Rates for offshore rigs improved and the amount of downtime fell between April and June, helping to buoy offshore drilling contractor Noble Corp. to higher-than-expected profits.
“A continuation of excellent business fundamentals produced a better than 5% improvement in average dayrates as a number of our rigs transitioned to new contracts and previously idle rigs returned to work,” said CEO David Williams during a conference call on Thursday. “In addition, we experienced another quarter of declining unpaid operational downtime, contributing to lower-than-expected repair and maintenance expenses and increased bonus revenue in the quarter.”
Noble is building some of the world’s most expensive drillships to operate in some of the deepest areas offshore (see NGI, April 22). Eight rigs are operating in the Gulf of Mexico, including the Noble Bully drillship, which is working at 10,000-foot water depths and a drilling depth of 40,000 feet. The Noble Danny Adkins and the Noble Jim Day are working in 12,000 feet of water in drilling depths of 37,000 feet, while the Noble Amos Runner is in 8,000 feet of water at a drilling depth of 32,500 feet.
Contract drilling services revenue increased year/year to $975 million from $929 million. Contract drilling services costs totaled $492 million, versus $484 million in 1Q2013. The higher costs resulted from newbuild drillships that were offset by lower maintenance expenses. The contract drilling margin in the latest quarter climbed to 49.6%, up from the January-March period of 47.9%.
Marketing and contracts chief Roger Hunt said Noble now has “sold out of capacity in the offshore” through 2013, and 2014 already is looking strong. “The ultra deepwater sector remains strong, with a steady trends in place. All deepwater capacity, including most of the rigs that had started 15 years ago, are experiencing growth. And jack-up [sector] continues to surprise, with stable to higher dayrates in most regions.”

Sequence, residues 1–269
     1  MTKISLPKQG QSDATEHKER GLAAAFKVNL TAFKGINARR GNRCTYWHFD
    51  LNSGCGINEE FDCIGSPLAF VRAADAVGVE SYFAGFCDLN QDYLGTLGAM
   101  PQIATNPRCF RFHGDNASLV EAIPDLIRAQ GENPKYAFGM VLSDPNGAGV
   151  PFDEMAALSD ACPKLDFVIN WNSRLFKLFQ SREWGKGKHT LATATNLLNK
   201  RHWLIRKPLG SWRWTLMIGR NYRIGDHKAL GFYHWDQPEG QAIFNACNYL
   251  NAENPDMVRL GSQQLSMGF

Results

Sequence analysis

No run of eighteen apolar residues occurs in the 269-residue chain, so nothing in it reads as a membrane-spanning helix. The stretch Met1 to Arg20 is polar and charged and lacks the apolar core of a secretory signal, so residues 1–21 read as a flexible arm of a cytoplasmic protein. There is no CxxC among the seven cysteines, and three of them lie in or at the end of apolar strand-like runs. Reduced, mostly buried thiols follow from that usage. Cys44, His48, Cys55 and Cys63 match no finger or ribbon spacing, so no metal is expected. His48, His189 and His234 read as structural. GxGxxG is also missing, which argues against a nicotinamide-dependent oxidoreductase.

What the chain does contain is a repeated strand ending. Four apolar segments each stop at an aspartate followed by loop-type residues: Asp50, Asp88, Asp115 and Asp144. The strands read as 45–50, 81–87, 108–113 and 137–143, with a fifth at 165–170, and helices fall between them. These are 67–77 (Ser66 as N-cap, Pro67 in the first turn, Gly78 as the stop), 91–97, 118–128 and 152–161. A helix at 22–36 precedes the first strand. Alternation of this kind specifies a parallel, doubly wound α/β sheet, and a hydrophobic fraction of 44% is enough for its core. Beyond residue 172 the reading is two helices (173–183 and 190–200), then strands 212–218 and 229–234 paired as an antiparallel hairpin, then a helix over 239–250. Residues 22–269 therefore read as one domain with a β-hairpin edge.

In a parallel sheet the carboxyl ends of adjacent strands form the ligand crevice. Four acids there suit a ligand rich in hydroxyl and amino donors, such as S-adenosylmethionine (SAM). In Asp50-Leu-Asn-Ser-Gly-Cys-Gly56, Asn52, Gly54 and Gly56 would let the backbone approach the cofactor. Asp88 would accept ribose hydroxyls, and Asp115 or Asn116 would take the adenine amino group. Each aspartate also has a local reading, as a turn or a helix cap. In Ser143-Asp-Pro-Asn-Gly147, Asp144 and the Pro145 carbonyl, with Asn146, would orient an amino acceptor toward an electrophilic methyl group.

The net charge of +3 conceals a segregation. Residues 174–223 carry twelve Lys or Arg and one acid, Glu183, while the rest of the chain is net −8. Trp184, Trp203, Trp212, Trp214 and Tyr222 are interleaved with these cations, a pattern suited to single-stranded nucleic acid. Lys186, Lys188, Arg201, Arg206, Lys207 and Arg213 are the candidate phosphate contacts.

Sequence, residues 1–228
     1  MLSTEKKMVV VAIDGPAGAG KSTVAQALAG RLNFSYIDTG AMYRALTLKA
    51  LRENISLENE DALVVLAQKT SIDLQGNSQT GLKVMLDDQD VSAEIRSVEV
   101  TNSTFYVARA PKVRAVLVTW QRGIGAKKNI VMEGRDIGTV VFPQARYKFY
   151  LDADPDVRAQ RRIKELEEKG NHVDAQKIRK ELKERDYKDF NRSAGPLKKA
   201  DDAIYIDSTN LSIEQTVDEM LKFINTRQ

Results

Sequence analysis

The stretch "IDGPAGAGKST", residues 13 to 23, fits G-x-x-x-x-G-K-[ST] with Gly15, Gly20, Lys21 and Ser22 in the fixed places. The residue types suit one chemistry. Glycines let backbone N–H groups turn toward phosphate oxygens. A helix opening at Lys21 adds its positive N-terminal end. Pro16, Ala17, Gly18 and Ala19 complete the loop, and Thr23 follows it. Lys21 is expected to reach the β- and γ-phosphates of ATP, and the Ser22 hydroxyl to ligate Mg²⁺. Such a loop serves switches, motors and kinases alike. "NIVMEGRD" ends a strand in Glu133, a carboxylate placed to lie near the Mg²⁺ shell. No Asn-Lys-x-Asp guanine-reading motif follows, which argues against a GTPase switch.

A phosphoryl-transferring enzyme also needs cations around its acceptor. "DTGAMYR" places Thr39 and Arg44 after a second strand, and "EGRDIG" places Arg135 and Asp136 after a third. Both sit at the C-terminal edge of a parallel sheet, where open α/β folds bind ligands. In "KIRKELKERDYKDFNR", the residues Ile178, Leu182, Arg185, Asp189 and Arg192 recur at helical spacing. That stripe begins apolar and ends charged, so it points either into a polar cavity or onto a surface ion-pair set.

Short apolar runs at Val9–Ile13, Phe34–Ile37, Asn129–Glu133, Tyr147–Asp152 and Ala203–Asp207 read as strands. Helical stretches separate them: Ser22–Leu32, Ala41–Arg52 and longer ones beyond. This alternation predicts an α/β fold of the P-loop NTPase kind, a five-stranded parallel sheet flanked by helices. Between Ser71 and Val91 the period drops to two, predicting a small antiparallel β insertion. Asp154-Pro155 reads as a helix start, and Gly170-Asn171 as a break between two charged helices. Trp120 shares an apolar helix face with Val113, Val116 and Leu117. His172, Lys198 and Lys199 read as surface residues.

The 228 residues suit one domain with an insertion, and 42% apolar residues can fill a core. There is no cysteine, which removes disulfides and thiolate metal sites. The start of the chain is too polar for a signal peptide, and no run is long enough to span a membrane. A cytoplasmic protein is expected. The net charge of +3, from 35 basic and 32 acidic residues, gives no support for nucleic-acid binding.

At the end of June, about 78% of Noble’s available rig operating days were committed for the remainder of 2013, including 82% of the floating rig days and 82% of the jackup days. For 2014, an estimated 60% of the available rig operating days already are committed, including 80% for floaters and 52% for jack-ups. More than a dozen new contracts are being fulfilled for ultra-deepwater rigs, predominantly tech-savvy newbuilds, at an average rate of $590,000/day, which “compares favorably to the last six months when it averaged $585,000,” said Hunt.
“We remain confident that demand will be steady, preferably for rigs with the highest capacity.” The confidence comes because of “strong crude prices, successful exploration results — with 20 additional announced discoveries to date; last year there were 52 total. Also operators are expanding their reach as they explore frontier areas, which is leading to backlogs.”
The 52 global ultra deepwater discoveries in 2012, in water 7,500 deep or more, were a record for the offshore, according to Noble. Its offshore contract backlog at the end of June totaled $16 billion, up $2 billion from the end of 1Q2013. Deepwater fleet utilization between April and June actually declined to 77% from 83% in 1Q2013, mostly because of a contract cancellation.
Quarterly profits jumped 11% year/year (y/y) to $177 million (69 cents/share), from $160 million (63 cents). Revenue rose 13% to $1.02 billion. Wall Street had pegged earnings on average to be 56 cents/share. Operating expenses increased y/y by 17%, while expenses associated with drilling services were 16% higher.
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